The Who’s Pete Townshend says he used to be pansexual

"I was ready to fall into bed with anybody that would have me"

Pete Townshend has said that he thinks he used to be pansexual.

The Who guitarist and singer has revealed that at one point in his life he would have been involved sexually with anybody, regardless of their biological sex, gender or gender identity.

Townshend was quoted by The Daily Star newspaper’s Wired column as saying: “With ‘I’m A Boy’ [1966 single] it’s the idea of masculinity and the way that men are seen to be at a time when I often forget, to be homosexual, to be pansexual, as I think I probably was, but not anymore.

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“But I think I was ready to fall into bed with anybody that would have me.”

He continued: “I think I forget that homosexuality was still illegal, so these adventures had to be couched in vignettes of humour and irony.”

Roger Daltrey and Pete Townshend of The Who perform during Teenage Cancer Trust 15th Anniversary Year Concerts at Royal Albert Hall on March 26, 2015 in London, England. (Photo by Mick Hutson/Getty Images)
Roger Daltrey and Pete Townshend of The Who perform during Teenage Cancer Trust 15th Anniversary Year Concerts at Royal Albert Hall on March 26, 2015 in London, England. (Photo by Mick Hutson/Getty Images)

Townshend’s comments follow updates he shared earlier this year about his wishes to get back into the studio with The Who after the coronavirus pandemic eases, revealing that he’s written “pages and pages” of draft lyrics.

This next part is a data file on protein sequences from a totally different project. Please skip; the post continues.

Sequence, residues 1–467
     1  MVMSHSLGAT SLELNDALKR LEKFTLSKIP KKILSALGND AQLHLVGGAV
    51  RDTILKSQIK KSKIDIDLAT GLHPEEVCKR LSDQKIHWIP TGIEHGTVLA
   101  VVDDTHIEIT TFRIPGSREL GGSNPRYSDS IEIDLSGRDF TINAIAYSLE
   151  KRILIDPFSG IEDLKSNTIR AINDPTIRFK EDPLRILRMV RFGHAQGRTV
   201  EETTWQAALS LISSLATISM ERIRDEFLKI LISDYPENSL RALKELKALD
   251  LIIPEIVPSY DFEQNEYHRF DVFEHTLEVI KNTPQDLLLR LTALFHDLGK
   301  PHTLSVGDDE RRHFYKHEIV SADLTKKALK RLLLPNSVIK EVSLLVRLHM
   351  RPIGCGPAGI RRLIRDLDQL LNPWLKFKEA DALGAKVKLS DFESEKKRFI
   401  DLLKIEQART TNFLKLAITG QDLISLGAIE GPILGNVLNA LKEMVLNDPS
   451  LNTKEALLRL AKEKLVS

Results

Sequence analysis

Speaking to Uncut in February, Townshend said he’s been working on new music and “wants to make another” record after restrictions ease if it makes financial sense. “If the moment comes, I’ll go in and start,” he told the publication.

The Who’s last album was 2019’s ‘WHO’, their first record in 13 years and their 12th studio album to date. Read the NME review here.

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In other news, the Royal Mint has launched a new selection of coins to celebrate the vast legacy of The Who.

The ‘Pinball Wizard’ icons are the fourth act to be honoured by the Royal Mint’s music legends series, and follow coins which have been minted in honour of David Bowie, Queen and Elton John.

The band’s co-founder and lead singer Roger Daltrey personally visited the Mint to strike one of the first coins, which were officially launched last month.

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